In a poppier, more melodious moment, “New Horizons” proves to be catchier and a heck of a lot more colourful. As vibrant as a halogen bulb, it glows like a deconstructed Killswitch Engage track. The subject matter is all about self-improvement and rising above any perceived limitation. Further relief from the thunder, can be found in “Zman” and closer “Timeless”. The former is a gentile little number that sports a sweetly-echoing, cyclical piano played by Uri Dijk. The latter provides the glorious wash of clean vocals that we were waiting for. It takes the joy of 2011’s “Reaching Home” and turns it into a mournful, emotional ride that describes the curse of a faulty genetic blueprint. It tugs at heartstrings, playing on our own perceived fears and failings with De Jongh driving home the impacting lyric “I heard you crawling, carrying your burden down the yearning hill”.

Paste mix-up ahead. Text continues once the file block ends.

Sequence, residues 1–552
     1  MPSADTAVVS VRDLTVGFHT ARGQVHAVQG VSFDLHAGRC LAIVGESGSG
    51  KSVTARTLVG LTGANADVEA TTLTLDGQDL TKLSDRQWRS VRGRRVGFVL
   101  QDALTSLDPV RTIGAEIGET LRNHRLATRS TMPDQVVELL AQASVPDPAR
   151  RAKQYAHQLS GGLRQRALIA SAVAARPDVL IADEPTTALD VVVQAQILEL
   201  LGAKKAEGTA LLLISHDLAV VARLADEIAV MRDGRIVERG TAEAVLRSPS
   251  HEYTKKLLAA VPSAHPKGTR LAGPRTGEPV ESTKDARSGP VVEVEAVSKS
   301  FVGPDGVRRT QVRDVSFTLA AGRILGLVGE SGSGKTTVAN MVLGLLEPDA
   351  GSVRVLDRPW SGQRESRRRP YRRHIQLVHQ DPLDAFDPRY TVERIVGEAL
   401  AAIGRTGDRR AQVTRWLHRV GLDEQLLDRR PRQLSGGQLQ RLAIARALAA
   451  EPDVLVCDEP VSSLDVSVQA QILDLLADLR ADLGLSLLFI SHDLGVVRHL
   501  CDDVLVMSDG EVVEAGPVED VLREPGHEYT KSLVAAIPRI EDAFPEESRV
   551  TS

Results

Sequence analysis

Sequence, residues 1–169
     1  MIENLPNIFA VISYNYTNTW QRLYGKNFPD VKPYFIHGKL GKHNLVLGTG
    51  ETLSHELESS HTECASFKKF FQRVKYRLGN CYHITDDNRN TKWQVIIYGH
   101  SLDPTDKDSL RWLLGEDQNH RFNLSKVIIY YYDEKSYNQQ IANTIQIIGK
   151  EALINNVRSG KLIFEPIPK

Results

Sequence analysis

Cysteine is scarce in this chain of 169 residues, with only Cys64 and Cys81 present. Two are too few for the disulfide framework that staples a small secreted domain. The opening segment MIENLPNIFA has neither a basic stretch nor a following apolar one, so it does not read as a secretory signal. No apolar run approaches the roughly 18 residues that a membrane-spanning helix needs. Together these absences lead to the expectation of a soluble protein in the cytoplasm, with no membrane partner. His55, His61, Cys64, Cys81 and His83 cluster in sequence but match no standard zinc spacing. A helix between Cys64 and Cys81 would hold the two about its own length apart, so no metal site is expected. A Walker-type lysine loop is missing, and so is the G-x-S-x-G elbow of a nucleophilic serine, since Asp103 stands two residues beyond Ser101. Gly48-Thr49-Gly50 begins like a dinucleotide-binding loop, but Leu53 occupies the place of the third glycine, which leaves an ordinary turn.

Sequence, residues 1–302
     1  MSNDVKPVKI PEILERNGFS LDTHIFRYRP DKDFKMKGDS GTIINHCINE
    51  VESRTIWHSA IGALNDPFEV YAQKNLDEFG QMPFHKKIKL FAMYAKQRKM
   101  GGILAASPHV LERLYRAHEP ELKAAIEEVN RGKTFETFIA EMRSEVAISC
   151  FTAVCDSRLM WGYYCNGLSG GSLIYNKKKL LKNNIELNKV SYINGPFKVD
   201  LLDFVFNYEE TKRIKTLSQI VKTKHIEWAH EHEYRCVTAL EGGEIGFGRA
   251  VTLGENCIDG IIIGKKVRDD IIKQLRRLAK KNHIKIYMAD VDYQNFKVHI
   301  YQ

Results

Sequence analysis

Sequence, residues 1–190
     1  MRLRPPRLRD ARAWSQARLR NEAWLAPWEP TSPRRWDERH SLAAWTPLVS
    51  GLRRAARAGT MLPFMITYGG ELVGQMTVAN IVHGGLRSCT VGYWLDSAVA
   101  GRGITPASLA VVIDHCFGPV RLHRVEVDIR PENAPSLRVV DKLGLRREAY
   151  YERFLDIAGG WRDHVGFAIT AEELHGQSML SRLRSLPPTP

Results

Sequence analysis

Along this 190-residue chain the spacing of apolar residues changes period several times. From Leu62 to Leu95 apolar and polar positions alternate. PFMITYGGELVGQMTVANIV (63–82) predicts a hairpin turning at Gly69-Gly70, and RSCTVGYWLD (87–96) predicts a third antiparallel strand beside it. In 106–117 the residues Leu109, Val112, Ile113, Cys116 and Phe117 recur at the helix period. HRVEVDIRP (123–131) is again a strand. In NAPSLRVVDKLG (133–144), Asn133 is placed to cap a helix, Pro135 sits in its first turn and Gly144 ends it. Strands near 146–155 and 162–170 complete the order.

When all is said and done it’s not a faultless album. There are oddities that initially catch you out, like the drumtrack “Meander”, but even here there is much to draw strength from – it certainly serves as a gentle reminder to Stef Brooks’ incredible percussive work that goes on behind each track. The last album was a grower, and this will inevitably also take longer to fully ingest and appreciate the full impact of Textures’ constructions. No doubt, when all is said and done we have the portent of Genotype to follow and that promises to fulfil so much of Phenotype‘s true potential.